On the list of priorities for farms rearing calves this spring, one of the key management tips is to keep the calf as healthy as possible through their young stage. This will aid the maximising of both their weight gain performance and growth.
On the third episode of ‘The Calf Show’ series – Susanne Naughton from MSD spoke about the importance of having a vaccination programme this spring and the best practice that farmers can follow when it comes to administering these vaccines.
Obviously, farmers should note that administering vaccines does not override the need to maintain good hygiene practices within housing.
What should you be vaccinating against?
In a brief video before the discussion began, Suzanne mentioned some of the main diseases and infections that calves should be vaccinated against. She explained:
Vaccination is so important, as it will boost a calf’s immune system against the various bacteria or viruses that can cause respiratory diseases within the environment.
“One vaccine in particular, Bovipast RSP, is specifically licensed to reduce infection associated with Mannheimia haemolytica or pasturellosis, the PI3 [Parainfluenza3] and the BRSV [Bovine Respiratory Syncytial Virus] viruses as well.
“IBR is another extremely common virus in herds and can effect young stock as well and they can be vaccinated for.
“Another important one is coverage against the clostridial diseases which can be a very common cause of sudden death.
“Of course treatment and prevention of these nasty diseases would be best advised by your local veterinary practitioner.”
Administering the vaccine
Making a plan for these vaccines is one step in the process, but carrying the administration is the next challenge. Suzanne goes through some of the tips that she provides to farmers when it comes to this stage.
“Ideally we would recommend about 24 hours after the animals arrive, let them settle and then go in with your vaccine.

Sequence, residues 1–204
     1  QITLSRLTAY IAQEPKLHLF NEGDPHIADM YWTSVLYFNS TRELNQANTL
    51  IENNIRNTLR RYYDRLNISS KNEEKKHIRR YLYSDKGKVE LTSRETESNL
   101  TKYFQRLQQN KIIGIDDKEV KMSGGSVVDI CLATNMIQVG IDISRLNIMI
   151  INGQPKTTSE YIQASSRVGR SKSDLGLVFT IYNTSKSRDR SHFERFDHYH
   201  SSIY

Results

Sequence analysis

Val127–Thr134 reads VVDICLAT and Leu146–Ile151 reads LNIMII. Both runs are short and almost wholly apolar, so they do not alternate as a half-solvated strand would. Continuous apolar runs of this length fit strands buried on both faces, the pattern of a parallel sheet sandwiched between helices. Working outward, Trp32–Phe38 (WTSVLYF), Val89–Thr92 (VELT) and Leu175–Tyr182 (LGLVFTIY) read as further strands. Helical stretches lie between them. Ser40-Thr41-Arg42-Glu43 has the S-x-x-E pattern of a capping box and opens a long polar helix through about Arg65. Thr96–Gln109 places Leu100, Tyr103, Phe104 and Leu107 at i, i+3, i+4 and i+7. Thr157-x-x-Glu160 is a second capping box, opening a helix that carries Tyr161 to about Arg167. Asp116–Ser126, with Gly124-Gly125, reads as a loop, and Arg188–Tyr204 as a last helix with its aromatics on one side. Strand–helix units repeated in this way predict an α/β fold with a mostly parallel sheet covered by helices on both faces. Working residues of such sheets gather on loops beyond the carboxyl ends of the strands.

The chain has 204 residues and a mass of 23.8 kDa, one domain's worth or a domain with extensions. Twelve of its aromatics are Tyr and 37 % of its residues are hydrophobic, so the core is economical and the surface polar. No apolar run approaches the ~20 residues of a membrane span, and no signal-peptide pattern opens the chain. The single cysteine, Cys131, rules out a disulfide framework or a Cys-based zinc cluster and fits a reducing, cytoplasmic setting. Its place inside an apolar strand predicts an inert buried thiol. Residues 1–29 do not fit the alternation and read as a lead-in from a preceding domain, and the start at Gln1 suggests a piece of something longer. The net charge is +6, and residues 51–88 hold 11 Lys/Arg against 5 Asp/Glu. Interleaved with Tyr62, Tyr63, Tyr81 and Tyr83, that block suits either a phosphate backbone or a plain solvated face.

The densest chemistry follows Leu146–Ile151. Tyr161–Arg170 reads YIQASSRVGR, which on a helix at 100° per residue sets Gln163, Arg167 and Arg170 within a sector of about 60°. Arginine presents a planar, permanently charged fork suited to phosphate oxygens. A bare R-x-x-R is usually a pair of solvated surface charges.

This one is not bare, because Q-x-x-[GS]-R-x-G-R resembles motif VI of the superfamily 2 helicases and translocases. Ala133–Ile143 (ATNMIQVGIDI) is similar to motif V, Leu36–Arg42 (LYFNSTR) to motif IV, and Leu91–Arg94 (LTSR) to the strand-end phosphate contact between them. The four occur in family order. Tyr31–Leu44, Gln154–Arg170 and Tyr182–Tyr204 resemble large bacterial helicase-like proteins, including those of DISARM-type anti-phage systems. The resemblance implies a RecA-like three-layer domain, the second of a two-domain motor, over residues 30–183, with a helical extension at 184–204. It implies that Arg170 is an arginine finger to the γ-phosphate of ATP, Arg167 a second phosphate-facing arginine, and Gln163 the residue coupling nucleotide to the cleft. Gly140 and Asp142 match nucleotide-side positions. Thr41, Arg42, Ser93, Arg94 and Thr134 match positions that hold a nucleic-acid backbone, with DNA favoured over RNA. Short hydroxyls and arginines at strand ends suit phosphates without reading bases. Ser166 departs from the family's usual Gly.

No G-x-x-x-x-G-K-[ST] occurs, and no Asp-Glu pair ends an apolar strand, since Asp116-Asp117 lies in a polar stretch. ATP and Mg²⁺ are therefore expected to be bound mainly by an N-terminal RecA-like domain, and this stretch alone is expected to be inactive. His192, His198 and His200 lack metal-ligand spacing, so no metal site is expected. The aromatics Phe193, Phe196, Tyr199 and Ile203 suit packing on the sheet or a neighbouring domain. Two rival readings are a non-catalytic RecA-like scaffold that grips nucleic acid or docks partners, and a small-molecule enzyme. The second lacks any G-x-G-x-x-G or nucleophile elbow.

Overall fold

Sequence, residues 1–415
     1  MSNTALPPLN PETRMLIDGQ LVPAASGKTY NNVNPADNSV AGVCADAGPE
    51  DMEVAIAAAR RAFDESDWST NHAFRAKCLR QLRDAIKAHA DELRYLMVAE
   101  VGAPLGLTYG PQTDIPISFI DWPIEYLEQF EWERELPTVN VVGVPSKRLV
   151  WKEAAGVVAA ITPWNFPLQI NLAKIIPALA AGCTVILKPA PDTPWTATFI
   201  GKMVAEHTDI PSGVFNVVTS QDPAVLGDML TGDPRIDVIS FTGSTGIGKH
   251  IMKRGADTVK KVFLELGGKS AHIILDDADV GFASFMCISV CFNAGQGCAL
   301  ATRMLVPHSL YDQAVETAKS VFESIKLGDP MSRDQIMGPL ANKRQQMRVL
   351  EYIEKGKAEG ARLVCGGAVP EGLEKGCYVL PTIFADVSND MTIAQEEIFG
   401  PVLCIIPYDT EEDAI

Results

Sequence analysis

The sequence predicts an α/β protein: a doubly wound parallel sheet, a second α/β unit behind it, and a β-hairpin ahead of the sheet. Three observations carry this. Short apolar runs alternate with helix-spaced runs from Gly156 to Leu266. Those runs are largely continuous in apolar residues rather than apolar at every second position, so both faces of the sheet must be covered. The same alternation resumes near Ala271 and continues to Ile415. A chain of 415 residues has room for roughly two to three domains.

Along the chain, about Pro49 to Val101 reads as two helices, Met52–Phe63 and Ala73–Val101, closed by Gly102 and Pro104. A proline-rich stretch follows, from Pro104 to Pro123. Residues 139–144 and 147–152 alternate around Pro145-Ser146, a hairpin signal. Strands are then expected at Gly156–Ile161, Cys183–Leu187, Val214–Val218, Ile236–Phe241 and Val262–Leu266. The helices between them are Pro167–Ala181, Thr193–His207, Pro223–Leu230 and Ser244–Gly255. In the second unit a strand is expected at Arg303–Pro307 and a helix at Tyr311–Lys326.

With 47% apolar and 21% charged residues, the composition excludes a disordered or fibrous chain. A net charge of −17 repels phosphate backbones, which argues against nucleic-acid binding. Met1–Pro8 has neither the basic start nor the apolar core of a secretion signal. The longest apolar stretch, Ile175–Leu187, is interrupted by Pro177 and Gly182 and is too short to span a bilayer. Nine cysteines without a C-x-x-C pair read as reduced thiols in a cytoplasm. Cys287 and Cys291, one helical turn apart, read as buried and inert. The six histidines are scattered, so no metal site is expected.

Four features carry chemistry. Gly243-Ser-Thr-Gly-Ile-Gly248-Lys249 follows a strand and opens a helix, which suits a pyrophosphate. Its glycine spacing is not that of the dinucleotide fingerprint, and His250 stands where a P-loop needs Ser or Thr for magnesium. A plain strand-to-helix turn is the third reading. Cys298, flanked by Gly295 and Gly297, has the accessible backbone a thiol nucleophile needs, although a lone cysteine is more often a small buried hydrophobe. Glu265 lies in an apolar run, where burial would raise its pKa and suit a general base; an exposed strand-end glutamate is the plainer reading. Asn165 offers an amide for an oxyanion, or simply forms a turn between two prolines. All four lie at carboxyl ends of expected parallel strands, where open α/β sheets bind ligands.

With regard to administering, start as you mean to go on. Start off with a clean needle and have your vaccine store in a fridge as that is very important prior to use.
“When you open the vaccine, use it within a few hours – most vaccines only last a couple of hours once they are opened.
“Follow the directions on the data sheet that will come with the vaccine, so you will know how much you need to give in each dose and where it has to be administered.
“I’d recommend doing it on a dry day, when the animals’ coats are dry. If you do it when their coats are wet, you are increasing the likelihood of dirt getting into the infection site and potential lumps or bumps developing which you don’t want.”
Vaccinating calf by calf as they arrive or as a group?
Speaking about whether to vaccinate calves on a calf-by-calf basis or as part of a group, Suzanne added:
“I will always recommend vaccinating calves as a group, usually the vaccines such as Bovipast comes with 10 doses per bottle. So it’s better when you open a vaccine that you can use it on a batch of calves that is there and ready to go.
Also, by vaccinating in batches you are getting a level playing field of immunity. They are all starting from the same page and they are getting a uniform level of immunity.
“It can be just easier for a farmer to manage, especially when it comes to applying a booster vaccine if necessary within a group.”
To view episode three of ‘The Calf Show’ series, click on the link below.